WRITTEN by a civil servant, this book is a part of a series of eight satires, where the author weaves together seemingly diverse strands of mythology, quantum physics, religion, microbiology, sex, evolution, violence, societal structures, nationalism, the environment, the cosmos, etc. into a tapestry of life, of history, of the future and of understanding.
He is correct when he says that as we navigate our way through life, it is impossible not to notice the constant violence, the many injustices, the many hypocrisies, the enslaving superstition and irrationality. We are mystified and occasionally horrified by it all. These traits are found not only in others but within us as well. We yearn for greater understanding – an understanding which cannot be complete but is an attempt only. In this book also, the author presents a series of satires tracing the evolution of the cosmos, of life in general, of our species in particular, of the organisation of societies as well as the genesis of some of our most sacrosanct values.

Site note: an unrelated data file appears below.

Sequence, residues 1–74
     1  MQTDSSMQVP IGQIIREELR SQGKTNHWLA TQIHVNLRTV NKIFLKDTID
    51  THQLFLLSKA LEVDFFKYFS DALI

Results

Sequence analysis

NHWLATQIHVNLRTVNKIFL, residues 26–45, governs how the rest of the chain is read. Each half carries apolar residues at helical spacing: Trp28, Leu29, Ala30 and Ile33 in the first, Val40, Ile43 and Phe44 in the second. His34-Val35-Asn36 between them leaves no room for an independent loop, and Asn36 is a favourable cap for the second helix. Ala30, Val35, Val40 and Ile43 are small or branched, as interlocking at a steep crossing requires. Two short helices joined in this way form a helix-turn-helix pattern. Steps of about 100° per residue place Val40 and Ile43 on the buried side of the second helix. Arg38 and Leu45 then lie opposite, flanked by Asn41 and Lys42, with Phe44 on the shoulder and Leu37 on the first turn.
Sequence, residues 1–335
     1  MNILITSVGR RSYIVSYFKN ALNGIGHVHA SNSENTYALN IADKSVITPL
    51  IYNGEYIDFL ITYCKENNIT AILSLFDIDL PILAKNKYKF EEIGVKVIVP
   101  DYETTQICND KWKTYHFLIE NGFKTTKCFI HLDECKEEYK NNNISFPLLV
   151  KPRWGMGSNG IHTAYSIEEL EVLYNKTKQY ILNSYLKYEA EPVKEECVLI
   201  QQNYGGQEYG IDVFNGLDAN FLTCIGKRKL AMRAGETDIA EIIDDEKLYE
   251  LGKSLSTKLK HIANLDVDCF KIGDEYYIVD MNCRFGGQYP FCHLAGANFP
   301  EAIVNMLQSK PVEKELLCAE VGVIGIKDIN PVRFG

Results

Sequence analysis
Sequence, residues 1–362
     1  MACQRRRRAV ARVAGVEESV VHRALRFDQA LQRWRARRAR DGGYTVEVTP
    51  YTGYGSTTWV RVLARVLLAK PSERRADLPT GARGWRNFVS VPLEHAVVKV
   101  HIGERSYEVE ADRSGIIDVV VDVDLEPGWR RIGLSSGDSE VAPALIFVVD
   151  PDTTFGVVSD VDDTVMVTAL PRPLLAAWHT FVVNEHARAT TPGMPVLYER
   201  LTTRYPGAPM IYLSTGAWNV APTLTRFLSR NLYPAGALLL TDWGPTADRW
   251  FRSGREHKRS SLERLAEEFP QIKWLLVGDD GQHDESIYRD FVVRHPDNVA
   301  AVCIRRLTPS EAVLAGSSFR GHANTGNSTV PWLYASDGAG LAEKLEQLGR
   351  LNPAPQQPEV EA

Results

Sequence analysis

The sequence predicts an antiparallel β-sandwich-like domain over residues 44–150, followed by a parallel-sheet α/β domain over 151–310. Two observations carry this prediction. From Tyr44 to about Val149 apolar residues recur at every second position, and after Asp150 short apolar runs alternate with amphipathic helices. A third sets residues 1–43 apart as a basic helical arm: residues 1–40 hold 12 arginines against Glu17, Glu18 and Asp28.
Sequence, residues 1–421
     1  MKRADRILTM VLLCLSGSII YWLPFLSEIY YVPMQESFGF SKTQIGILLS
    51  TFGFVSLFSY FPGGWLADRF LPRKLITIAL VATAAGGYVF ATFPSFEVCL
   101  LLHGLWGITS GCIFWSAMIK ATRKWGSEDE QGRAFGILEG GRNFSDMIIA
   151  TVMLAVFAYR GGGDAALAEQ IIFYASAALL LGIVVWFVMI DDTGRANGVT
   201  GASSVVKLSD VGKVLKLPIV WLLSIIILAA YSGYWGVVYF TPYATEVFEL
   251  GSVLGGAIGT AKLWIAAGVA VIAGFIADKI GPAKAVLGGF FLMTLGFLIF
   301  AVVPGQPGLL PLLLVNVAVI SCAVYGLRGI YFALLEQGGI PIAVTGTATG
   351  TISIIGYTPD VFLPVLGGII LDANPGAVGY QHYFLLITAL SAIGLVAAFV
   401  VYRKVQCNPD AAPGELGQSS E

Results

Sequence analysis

The stories are based on contemporary themes and seek to illustrate high satirical tools of ridicule, derision, comparison, irony, exaggeration, double entendre, various issues like exploitation of the State by religion, the role of humanity vis-à-vis the planet and the ‘multiverse’, the correlations between violence and sexual frustration. There is an effort to define catch words like ‘obscenity’, ‘patriotism’, ‘nationalism’, ‘terrorism’, etc. besides an attempt to interpret ourselves and the world “through the minds of the oldest living organisms, the viruses, who are the true inheritors of Earth.”
The satires are fairyish, where planets weep, the flowers preen, trees philosophise, stars dance, when the gods are both more or less than gods and where the viruses debate over life and death, and over the concept of justice that the few must die, so that the many might live, and, of course, there is a sprinkling of fairyish fairies, ogres and hobgoblins, princes and princesses.
Without preaching or being didactic, the stories remind us of our obvious follies that we as humans commit besides showing preference for nationalism over humanity; morality over humanity; and self-righteousness over understanding. -MG
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